How an oral inhibitor may have the potential to reactivate the immune system and tackle tumor growth
It infiltrates, learns, adapts and grows. Cancer is a clever disease that has pushed the limits of medicine – and the human body – for centuries. Current estimates show that there will be 27.5 million new cases of cancer each year by 2040.1
Typically, when an infection strikes the body, our immune system deploys T cells to target and destroy invading pathogens. T cells are also deployed to destroy abnormal, malfunctioning cells such as cancer cells. But cancer stays one step ahead, using mechanisms to hide and sending mixed signals to avoid an attack. Less than a decade ago, first-generation immunotherapies, called immune checkpoint inhibitors (ICIs), delivered a major breakthrough in cancer therapy. Targeting a pathway that cancer uses to suppress the immune system, ICIs can reactivate the body’s defense with significantly improved outcomes for a subset of patients with a broad variety of cancers, even in the metastatic setting.
For most, however, the effects are not realized: roughly 70% of patients with various tumors do not respond to ICI treatment. Cancer seems to have found yet more ways to out-smart the immune system. But now, Bayer is targeting what appears to be a key player in orchestrating immune escape: the aryl hydrocarbon receptor (AhR).
Expert insights: immunity through innovation
Dr. Ilona Gutcher, Group Leader Immuno-Oncology Research at Bayer, is the leading research pharmacology expert on the AhR. She reveals, “More and more research suggests that the AhR, once activated, triggers events that suppress immune responses and promote tumor progression. The AhR appears to be a central mediator in the whole process, so inhibiting it may reactivate immune responses and provide a new therapeutic strategy for patients with cancer."
As part of a strategic research collaboration between Bayer and Michael Platten’s group at the German Cancer Research Center (DKFZ), scientists have developed a selective AhR inhibitor that is now being tested in a clinical trial in patients with advanced solid cancers.
The AhR inhibitor is intending a powerful double-act on the immune system. Firstly, to reinvigorate the immune response by stimulating the activity and function of cytotoxic T cells and dendritic cells, the latter resulting in activation of even more T cells. Secondly, to decrease immune suppressive processes by blocking the function of regulatory T cells and suppressive myeloid cells.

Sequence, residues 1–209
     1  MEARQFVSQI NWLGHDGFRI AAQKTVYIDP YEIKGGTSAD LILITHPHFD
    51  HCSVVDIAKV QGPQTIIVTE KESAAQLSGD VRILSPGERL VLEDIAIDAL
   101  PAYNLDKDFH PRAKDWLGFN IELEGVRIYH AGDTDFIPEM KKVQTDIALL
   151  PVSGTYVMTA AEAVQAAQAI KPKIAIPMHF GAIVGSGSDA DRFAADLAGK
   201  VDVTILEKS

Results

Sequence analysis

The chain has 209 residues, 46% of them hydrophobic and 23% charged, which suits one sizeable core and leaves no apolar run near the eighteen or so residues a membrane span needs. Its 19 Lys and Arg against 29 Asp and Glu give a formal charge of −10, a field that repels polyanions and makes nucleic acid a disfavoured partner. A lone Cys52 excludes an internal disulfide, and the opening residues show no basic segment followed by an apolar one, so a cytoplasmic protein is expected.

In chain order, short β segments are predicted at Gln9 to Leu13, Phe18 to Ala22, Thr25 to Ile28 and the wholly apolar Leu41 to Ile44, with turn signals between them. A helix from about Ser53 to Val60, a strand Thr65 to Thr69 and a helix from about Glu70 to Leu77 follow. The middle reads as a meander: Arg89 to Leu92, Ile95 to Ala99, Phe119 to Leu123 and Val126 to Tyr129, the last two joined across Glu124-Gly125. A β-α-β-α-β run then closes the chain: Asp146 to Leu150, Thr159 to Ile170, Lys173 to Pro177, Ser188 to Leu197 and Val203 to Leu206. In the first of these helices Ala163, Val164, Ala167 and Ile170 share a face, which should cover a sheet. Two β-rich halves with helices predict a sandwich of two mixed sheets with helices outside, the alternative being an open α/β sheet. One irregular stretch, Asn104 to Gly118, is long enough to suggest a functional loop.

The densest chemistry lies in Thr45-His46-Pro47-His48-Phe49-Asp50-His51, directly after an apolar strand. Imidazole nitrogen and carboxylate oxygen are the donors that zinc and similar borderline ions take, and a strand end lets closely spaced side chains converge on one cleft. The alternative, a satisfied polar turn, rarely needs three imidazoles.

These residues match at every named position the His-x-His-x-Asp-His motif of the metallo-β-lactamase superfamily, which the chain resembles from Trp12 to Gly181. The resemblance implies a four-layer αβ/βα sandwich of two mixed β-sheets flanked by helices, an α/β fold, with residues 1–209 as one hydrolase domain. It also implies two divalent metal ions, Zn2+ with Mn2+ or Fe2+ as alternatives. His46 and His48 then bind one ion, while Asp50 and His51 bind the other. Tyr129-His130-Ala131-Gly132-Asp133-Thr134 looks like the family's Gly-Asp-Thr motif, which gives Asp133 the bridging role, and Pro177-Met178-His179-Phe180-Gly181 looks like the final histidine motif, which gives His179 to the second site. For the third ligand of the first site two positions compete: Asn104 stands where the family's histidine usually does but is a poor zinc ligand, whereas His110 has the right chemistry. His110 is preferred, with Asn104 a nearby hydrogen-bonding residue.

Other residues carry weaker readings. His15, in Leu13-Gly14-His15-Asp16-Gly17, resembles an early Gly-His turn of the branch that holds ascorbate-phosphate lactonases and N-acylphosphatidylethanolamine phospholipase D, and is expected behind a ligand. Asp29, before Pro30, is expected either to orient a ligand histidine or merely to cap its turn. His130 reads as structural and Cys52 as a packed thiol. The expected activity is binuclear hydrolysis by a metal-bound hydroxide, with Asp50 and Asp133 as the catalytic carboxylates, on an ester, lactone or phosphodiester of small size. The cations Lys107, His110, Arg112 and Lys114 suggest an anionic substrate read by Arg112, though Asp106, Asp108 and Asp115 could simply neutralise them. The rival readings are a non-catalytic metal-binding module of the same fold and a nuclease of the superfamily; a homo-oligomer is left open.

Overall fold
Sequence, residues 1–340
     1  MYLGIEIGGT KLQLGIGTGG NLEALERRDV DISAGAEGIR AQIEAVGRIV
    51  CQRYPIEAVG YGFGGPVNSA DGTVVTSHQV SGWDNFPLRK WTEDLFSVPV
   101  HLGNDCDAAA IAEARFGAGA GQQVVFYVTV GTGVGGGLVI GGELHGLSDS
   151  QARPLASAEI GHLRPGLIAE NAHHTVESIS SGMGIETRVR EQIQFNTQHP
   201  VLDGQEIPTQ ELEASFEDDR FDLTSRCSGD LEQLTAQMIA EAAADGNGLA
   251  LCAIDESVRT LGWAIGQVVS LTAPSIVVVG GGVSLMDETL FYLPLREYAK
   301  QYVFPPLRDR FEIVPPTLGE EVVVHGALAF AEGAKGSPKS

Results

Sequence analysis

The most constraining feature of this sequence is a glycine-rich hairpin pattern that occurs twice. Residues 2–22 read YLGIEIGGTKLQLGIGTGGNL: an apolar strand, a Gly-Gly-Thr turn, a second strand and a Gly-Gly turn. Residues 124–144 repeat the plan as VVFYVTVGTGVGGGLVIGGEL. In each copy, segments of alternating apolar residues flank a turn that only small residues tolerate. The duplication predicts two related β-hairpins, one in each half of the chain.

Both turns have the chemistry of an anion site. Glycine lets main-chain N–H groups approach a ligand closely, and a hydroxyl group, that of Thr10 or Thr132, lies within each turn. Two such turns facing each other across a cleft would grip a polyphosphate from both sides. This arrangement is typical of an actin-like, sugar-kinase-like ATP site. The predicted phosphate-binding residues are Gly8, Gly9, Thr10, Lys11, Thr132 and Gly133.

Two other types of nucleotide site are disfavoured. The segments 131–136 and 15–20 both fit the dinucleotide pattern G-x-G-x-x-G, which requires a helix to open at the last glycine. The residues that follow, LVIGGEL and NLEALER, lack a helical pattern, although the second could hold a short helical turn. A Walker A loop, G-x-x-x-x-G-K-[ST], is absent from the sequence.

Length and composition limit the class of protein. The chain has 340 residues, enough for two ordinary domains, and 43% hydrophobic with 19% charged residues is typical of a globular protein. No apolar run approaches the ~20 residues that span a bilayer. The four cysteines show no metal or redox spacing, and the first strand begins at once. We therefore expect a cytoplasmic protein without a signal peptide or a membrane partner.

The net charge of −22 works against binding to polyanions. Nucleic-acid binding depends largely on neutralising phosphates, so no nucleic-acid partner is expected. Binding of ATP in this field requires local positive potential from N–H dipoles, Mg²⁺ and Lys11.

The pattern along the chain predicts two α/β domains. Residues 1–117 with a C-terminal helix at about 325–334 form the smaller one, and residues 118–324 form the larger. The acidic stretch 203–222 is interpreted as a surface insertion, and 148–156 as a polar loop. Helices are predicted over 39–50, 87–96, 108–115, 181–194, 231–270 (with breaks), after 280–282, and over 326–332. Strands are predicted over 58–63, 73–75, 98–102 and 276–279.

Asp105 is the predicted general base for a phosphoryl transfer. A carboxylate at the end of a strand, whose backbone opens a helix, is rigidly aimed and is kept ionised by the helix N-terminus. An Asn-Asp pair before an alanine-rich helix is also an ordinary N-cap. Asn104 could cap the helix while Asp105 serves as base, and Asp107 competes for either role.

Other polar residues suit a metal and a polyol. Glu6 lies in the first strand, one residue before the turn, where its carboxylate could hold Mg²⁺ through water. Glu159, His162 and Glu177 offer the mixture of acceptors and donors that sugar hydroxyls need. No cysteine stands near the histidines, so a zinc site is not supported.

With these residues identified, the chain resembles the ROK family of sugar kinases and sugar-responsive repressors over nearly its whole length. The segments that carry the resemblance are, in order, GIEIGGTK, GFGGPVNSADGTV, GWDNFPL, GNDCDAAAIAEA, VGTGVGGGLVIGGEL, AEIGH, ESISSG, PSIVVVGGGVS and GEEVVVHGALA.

Implications and outlook: A two-way treatment path
AhR is a prognostic marker for aggressive disease progression. High levels have been detected in T-cell leukemia and lymphoma, as well as in many solid cancer types, including glioblastoma, ovarian cancer and lung cancer. “Cancer cells constantly fuel the AhR pathway, as they produce kynurenine, the most prominent known activator of AhR in cancer, which results from the metabolism of the amino acid tryptophan,” says Gutcher. "In the tumor environment, we see high amounts of kynurenine binding to and activating the AhR."
And it does not stop with the suppression of immune response: research indicates that the AhR might also have a direct effect on cancer that is driving various stages of tumorigenesis, including cell proliferation, tissue invasion, angiogenesis, inflammation and metastasis.
"The AhR is found in different immune cells, from dendritic cells to professional antigen-presenting cells,” Gutcher continues. "Unlike checkpoint inhibitors, which predominantly target T cells, targeting the AhR pathway may allow us to affect more of the immune cell population in the tumor – diminishing the options of cancer cells to evade the body’s immune response.”
Moving ahead: Small solution, big impact
As a small molecule (SMOL), the AhR inhibitor may also give additional advantages: SMOLs are able to cross cell membranes and reach targets such as the AhR located inside the cells. It is also administered orally. “This allows for a more flexible treatment regimen as compared with antibodies, including the approved antibody ICIs,” says Gutcher.
Scientists from both Bayer and the DKFZ are excited to see if the AhR inhibitor can translate promising preclinical results to the clinic and help patients in their battle against cancer. With the start of the phase 1 clinical trial, Bayer is now solely responsible for its clinical development. Gutcher concludes: "We believe blocking the actions of the bad guy, AhR, could be a promising new approach for cancer immunotherapy.”